My feed

to access all these features

Here you'll find divorce help and support from other Mners. For legal advice, you may find Advice Now guides useful.


Moving without asking Ex - who has done it?

51 replies

SoonToBeMissAgain · 19/12/2018 22:30

I've read with interest Lou141's thread

But I wonder if anyone has actually done this and can tell us what happened?

I have a very dysfunctional relationship with my ex and 3 young DCs. At the very least my relationship with their father is extremely stressful for me. More likely it is unhealthy for all of us, ex included.

I have to get away. I cannot live my life in his pocket any longer and will be moving 3 hours away in the NY. I plan on giving him notice but not enough for him to get an emergency court order.

I will have a home already set up to move DCs into, school places accepted and a suggested access plan that replaces midweek with extra holiday time.

By the time he manages to get a court hearing or a solicitor the children will be settled in their new home and new school.

Has anyone done this / been through it??

OP posts:
PigletWasPoohsFriend · 19/12/2018 22:33

You are in the wrong and you know it. How would you like it if he had the DC and did the same to you?

olivertwistwantsmore · 19/12/2018 22:36

Well, my h’s ex did this 20 years ago, then refused to ever drive ds to us. So we travelled 3 hours each way to see ds once a month for 15 years... didn’t even think of court hearing or solicitor.

But it’s a shitty thing to do to a man who’s a good, committed dad. But your h is not that.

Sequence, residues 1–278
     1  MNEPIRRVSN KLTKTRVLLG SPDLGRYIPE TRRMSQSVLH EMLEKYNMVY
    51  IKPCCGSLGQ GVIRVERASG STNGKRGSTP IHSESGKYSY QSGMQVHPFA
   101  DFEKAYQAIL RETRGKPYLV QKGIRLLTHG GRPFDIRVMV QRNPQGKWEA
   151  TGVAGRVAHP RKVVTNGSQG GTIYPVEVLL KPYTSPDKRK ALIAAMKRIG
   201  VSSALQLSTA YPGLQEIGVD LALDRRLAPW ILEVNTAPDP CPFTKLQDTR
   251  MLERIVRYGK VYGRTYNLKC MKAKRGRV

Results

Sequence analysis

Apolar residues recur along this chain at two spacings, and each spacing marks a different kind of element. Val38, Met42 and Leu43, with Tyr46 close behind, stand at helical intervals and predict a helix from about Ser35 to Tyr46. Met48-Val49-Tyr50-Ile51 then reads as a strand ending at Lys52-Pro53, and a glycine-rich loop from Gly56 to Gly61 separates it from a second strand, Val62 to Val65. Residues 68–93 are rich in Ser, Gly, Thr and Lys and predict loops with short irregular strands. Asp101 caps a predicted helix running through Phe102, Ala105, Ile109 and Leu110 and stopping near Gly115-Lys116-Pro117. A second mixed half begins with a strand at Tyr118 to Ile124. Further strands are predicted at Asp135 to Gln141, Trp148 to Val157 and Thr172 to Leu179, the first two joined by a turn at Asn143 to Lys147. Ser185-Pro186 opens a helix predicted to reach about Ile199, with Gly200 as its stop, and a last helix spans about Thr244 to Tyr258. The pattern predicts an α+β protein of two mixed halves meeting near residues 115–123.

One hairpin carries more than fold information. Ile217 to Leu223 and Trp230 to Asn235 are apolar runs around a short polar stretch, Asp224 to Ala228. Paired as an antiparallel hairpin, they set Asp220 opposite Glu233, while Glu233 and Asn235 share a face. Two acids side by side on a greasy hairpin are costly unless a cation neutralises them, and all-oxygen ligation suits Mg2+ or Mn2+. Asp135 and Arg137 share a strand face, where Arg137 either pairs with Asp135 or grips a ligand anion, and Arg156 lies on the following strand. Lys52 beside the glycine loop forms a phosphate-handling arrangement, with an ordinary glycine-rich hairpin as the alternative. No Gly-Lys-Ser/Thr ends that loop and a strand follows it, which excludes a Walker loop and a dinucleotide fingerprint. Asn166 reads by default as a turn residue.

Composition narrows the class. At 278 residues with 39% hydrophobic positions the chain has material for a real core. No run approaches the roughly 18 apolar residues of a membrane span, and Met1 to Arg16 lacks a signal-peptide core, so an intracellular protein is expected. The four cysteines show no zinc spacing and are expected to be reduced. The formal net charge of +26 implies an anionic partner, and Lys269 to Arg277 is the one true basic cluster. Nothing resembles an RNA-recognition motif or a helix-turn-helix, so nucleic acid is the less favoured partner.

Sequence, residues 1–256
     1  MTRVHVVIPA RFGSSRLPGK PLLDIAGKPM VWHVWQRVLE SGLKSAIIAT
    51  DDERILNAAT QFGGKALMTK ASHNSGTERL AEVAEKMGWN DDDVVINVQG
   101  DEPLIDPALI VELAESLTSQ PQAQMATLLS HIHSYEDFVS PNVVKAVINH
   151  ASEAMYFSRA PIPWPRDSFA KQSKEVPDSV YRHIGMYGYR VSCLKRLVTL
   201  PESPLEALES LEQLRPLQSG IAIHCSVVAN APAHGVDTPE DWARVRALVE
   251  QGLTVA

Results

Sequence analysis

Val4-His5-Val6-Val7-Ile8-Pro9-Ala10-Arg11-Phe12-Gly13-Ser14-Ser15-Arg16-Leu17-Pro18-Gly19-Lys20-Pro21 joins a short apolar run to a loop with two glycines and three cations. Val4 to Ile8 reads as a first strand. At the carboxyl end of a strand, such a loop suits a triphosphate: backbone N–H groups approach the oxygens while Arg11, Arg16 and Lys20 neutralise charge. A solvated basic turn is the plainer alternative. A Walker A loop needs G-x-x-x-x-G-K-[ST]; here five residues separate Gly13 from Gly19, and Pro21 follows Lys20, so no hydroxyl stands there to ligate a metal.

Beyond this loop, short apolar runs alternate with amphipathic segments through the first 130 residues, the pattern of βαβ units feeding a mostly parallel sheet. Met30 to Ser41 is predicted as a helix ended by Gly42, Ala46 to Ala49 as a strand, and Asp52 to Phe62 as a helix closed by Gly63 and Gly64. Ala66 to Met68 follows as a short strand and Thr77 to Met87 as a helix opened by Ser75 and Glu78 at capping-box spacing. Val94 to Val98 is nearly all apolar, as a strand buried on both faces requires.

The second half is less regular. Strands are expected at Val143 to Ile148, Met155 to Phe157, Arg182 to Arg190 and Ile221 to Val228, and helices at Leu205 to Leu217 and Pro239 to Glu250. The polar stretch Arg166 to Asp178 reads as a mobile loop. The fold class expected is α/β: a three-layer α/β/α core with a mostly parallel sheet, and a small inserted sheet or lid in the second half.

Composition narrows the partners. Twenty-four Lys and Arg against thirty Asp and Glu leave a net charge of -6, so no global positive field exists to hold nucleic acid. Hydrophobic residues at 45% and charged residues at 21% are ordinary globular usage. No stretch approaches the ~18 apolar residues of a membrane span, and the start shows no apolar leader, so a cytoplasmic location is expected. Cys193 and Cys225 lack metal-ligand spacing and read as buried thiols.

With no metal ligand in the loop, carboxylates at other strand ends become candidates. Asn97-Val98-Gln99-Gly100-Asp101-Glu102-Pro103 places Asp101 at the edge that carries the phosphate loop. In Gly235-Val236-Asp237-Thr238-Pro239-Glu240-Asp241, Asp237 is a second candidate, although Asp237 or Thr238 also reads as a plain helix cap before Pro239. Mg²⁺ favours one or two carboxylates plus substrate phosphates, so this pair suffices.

If you genuinely think the move is better for you and dc, then go for it.

SoonToBeMissAgain · 19/12/2018 22:37

There is a very good reason he doesn't have the DC.

I'm not asking for approval, I'm asking if anyone has stories of having been through the same.

I have very, very good reasons for doing this. And all of them are in the interests of my DC. So, no, I'm not at all in the wrong actually.

OP posts:
SoonToBeMissAgain · 19/12/2018 22:39

Oliver thank you. I would be accommodating for travel and probably do most of it due to being able to see family not too far away.

He won't see the children any less. But he won't like it one little bit. But I will not spend the next 15 years of my life staying where I'm unhappy so as not to upset him.

OP posts:
giggly · 19/12/2018 22:42

Are you aware that if he goes to court for access you may well have to facilitate his access or at the very least take the child half way to him.
I’m not going to offer my opinion as you are not looking for any simply seeking information on how to do it or what where the consequencesHmm

Doyoumind · 19/12/2018 22:44

From a legal perspective, you don't get to decide what's best for your DC and you know this. That isn't to say I don't understand why you want to.

I moved with ex's knowledge but I have certainly heard of cases where a court has ordered a return to where the DC came from when there has been a sudden move.

AnneLovesGilbert · 19/12/2018 22:45

I’m sure people do this often. My DH also did it, though not as far away. The cost to the children was immense. We found out when DSD broke down on me about how she didn’t want to leave her school and her friends and how awful it was mum was making them keep secrets and they were going away from us. It was far too late to do anything about it, even though she actually shouldn’t have taken them out of their school without DH’s agreement. Yes, he also does all the driving as she refuses. But someone’s got to put the children first and thankfully their dad does.